From Galileo to Darwin, scientists have always had a propensity for disruption. But the speed at which discoveries are now communicated to a global audience of non-professionals thrusts the scientists under the microscope like never before.
This week, a number of eminent scientists and epidemiologists were accused of shouting fire in a crowded lab. Information on the new Omicron variant was loaded up onto international databases with little apparent awareness of its impact or interpretation. What followed was an unedifying spectacle of scientists apparently trying to outdo one another in hyperbole, for no other motive than being first. As markets plummeted across the world, scientists gave jocular interviews in which lurid forecasts of death and damnation were common.
In one Twitter thread, a UK-based scientist said the spike profile was ‘horrific’, adding that he would “take a guess that this would be worse antigenically than nearly anything else about.” Another in the US tweeted, “My god — the new #B11259 variant being possibly ~500% more competitively infectious is the most staggering stat yet.”
This dramatic language sparked an immense chain reaction that travelled worldwide. The UK banned travel from 10 African countries, the Southern Hemisphere’s summer tourism plans are completely cancelled, and a worldwide feeling of panic ramped up yet again.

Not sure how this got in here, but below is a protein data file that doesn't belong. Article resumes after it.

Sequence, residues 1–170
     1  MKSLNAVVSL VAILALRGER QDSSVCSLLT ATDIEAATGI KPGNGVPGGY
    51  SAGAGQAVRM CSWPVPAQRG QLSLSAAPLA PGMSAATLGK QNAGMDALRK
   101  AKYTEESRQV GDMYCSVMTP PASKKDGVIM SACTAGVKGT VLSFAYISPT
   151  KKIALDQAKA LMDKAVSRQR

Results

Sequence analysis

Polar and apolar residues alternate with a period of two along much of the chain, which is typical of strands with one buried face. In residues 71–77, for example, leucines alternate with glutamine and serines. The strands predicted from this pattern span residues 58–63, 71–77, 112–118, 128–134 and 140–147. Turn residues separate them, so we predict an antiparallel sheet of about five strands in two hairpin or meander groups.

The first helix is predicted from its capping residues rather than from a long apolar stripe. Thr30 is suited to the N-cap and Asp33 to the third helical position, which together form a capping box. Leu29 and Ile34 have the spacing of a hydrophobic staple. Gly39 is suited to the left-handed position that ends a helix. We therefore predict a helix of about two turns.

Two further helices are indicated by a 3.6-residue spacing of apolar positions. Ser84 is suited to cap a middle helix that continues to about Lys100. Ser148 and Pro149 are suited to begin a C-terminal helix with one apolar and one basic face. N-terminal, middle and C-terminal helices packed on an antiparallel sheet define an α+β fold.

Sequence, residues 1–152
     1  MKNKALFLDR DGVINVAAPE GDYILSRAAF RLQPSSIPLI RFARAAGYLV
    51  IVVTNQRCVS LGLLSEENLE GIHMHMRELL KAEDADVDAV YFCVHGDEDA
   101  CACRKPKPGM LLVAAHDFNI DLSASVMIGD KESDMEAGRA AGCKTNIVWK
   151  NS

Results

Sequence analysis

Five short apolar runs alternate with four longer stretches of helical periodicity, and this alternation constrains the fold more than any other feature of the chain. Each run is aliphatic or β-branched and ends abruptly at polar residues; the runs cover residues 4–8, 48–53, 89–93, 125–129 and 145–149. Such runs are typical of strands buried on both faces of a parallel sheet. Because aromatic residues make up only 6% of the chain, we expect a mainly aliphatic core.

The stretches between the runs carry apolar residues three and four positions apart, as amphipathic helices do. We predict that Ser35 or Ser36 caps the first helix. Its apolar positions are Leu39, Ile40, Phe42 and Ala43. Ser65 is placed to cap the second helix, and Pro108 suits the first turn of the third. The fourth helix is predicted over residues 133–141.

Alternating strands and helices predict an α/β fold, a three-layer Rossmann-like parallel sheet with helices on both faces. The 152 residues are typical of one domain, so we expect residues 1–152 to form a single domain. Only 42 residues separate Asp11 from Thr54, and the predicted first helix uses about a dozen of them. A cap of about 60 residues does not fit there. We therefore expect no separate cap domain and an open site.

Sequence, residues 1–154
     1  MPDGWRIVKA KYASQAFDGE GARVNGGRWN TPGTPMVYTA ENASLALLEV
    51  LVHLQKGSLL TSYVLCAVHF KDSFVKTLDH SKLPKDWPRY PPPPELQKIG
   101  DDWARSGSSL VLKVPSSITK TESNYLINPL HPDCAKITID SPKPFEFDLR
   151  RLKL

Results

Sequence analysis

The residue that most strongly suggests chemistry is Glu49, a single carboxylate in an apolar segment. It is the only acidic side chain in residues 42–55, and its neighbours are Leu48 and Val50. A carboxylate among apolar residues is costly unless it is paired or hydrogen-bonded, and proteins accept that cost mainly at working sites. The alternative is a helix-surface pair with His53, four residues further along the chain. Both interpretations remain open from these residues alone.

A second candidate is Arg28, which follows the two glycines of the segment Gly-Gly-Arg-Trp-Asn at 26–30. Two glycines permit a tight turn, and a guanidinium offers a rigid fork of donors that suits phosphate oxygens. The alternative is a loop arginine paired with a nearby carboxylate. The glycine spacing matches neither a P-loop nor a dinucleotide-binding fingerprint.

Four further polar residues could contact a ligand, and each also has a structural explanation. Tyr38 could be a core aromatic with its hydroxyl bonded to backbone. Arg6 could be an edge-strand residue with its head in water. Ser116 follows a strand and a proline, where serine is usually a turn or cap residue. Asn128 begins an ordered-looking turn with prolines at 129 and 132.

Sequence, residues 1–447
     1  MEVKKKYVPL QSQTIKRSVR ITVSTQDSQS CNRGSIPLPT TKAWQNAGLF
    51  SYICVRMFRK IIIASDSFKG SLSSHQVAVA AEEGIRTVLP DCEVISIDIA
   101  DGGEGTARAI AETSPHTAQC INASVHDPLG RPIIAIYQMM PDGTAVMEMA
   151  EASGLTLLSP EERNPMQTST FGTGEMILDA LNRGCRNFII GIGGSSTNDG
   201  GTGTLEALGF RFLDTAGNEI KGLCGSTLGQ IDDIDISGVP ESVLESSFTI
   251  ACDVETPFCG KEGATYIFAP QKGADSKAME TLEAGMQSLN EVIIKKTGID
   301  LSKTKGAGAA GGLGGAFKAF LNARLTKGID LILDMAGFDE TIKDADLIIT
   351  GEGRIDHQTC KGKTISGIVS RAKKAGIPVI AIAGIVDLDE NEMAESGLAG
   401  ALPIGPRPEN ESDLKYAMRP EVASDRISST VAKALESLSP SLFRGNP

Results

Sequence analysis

Despite other scientists trying to control the damage, the harm has been done. Professor Calum Semple from SAGE has stressed that “this is not a disaster, and the headlines from some of my colleagues saying this is ‘horrendous’ […] are hugely overstating the situation”. The information disseminated first is always the stickiest, and no amount of fact-checking can change someone’s mind if they feel at risk.
Two years into the pandemic and the public mood remains febrile. We look to scientists for hard facts and rationality. Yet on Monday, Stéphane Bancel, chief executive of Moderna, pondered vaguely about the vaccine’s effectiveness against Omicron, “I think it’s going to be a material drop. I just don’t know how much because we need to wait for the data. But all the scientists I’ve talked to… are like, ‘This is not going to be good’.” Stock markets took a major hit as a result. This period demands from scientists the same rigour over their language as should be applied to their research.
The nature of scientific speculation and the impact on global confidence is rapidly becoming almost as important a feature of the pandemic as the virus itself. We’ve built in resilience against the actual virus in our health infrastructure, but it seems we have no equivalent resilience when it comes to speculation. Perhaps the age-old proverb that ‘actions speak louder than words’ is not so true after all – scientists must realise their words are just as important as their work.